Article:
(HealthDay News) — Having a longer maternity leave reduces a woman’s risk of postpartum depression, new research shows.The findings suggest that the maximum 12 weeks of maternity leave given to American mothers under federal law may be inadequate, according to the University of Maryland researchers.”In the United States, most working women are back to work soon after giving birth, with the majority not taking more than three months of leave,” study leader Dr. Rada Dagher said in a university news release.
(HealthDay News) — One-on-one talks with nurses help mothers of premature infants cope with feelings of anxiety, confusion and doubt, a new study reveals.
"Having a prematurely born baby is like a nightmare for the mother," Lisa Segre, an assistant professor in the University of Iowa College of Nursing, said in a university news release. "You’re expecting to have a healthy baby, and suddenly you’re left wondering whether he or she is going to live."
Segre and a colleague investigated whether women with premature babies would benefit from having a neonatal intensive care unit (NICU) nurse sit with them and listen to their concerns and fears.
HealthDay News — Children born to mothers with postpartum depression are at increased risk for mental health problems, but a hormone called oxytocin may reduce the risk, according to a new study.Oxytocin, which is produced naturally in the body and has been associated with feelings of love and trust, may help protect kids from the negative effects of maternal depression, the researchers found. A synthetic version of the hormone is available as medication.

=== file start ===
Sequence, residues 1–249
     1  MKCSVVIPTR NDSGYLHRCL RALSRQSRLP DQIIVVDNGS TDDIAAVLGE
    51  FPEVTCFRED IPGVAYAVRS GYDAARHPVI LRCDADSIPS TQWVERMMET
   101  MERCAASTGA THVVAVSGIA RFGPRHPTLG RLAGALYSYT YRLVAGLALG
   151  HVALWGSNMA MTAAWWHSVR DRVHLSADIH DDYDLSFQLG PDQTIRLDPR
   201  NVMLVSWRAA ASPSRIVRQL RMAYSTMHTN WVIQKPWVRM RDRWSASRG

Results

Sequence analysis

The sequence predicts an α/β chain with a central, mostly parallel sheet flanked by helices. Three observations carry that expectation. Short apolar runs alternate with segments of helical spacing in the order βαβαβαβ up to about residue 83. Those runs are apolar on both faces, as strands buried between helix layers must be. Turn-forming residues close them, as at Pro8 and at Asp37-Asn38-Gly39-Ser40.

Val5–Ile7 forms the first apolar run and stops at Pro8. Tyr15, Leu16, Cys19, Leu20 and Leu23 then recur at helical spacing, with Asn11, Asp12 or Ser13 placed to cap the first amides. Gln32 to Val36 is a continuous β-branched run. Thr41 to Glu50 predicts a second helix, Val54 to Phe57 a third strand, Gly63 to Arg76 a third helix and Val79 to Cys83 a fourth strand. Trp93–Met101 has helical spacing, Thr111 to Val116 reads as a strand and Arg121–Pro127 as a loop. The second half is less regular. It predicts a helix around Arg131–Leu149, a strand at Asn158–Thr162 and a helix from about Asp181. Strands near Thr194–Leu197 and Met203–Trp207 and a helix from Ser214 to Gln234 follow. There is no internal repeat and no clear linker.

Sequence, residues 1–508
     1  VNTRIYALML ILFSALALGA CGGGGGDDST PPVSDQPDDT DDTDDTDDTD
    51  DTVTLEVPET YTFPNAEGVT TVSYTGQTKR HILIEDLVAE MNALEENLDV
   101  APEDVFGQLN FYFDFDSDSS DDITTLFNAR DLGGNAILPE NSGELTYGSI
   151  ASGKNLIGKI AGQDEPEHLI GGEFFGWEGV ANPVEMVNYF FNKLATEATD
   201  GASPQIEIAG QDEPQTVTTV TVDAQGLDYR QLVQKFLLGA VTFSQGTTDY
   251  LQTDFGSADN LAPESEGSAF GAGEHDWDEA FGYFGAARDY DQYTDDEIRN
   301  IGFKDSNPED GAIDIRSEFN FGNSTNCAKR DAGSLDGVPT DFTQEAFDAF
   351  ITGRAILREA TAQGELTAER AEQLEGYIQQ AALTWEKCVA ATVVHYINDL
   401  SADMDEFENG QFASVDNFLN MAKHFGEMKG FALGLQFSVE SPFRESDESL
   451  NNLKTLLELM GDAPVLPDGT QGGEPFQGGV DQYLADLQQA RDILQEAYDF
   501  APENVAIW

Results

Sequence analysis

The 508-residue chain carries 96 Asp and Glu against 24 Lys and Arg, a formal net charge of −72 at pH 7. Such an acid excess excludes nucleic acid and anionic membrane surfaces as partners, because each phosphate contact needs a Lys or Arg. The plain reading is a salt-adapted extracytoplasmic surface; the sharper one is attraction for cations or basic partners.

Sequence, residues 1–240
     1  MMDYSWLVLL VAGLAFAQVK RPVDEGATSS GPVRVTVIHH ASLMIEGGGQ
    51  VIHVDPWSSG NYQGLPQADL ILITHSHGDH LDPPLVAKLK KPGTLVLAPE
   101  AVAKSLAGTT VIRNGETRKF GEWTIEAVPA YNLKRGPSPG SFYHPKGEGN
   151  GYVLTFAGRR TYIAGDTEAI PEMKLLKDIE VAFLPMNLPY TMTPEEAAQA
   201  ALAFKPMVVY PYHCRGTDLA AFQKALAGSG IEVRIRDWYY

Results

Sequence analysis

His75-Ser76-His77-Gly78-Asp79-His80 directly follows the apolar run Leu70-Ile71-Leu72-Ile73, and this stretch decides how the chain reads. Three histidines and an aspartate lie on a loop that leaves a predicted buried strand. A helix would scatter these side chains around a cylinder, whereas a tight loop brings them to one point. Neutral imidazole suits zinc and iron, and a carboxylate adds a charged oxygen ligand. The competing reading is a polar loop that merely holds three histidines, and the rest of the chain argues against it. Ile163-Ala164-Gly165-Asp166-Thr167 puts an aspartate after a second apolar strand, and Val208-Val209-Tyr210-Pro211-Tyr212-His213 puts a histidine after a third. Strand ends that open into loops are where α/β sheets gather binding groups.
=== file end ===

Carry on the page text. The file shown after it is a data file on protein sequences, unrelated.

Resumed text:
(Reuters Health) – Women treated for severe psychiatric conditions including major depression shortly after giving birth were more likely to be diagnosed as bipolar later in life compared to those whose first psychiatric episode happened at any other time, in a new study from Denmark.
Researchers said they didn’t know if some postpartum depression or schizophrenia-like episodes were actually misdiagnosed bipolar disorder — or if more women with those initial diagnoses developed bipolar disorder over time.
Postpartum depression is the cruelest form of depression, coming when it does. Your most joyful (albeit totally sleep-deprived) time becomes your most torturous. After I had my son, I was certainly sleep deprived, but my overwhelming emotion was wonder and absolute content. My parents told me that I was a natural mother. Certainly taking care of my son came much more easily than I had expected, and I had less self-doubt than I had anticipated.
Of course, with my history of depression, I went back on antidepressants right away (I decided not to breastfeed, since I also had to immediately start taking the medication for my Multiple Sclerosis again). I didn’t want to lose one minute of my time with my son to depression, and I knew that a mother’s depression could affect her infant. Luckily, I didn’t have one moment of postpartum depression. I didn’t even suffer from the “baby blues,” a milder form of postpartum depression, that usually starts a few days after the birth. The baby blues generally lasts less than 2 weeks, and is thought to be caused by the hormonal change and loss of endorphins after the birth. Continue reading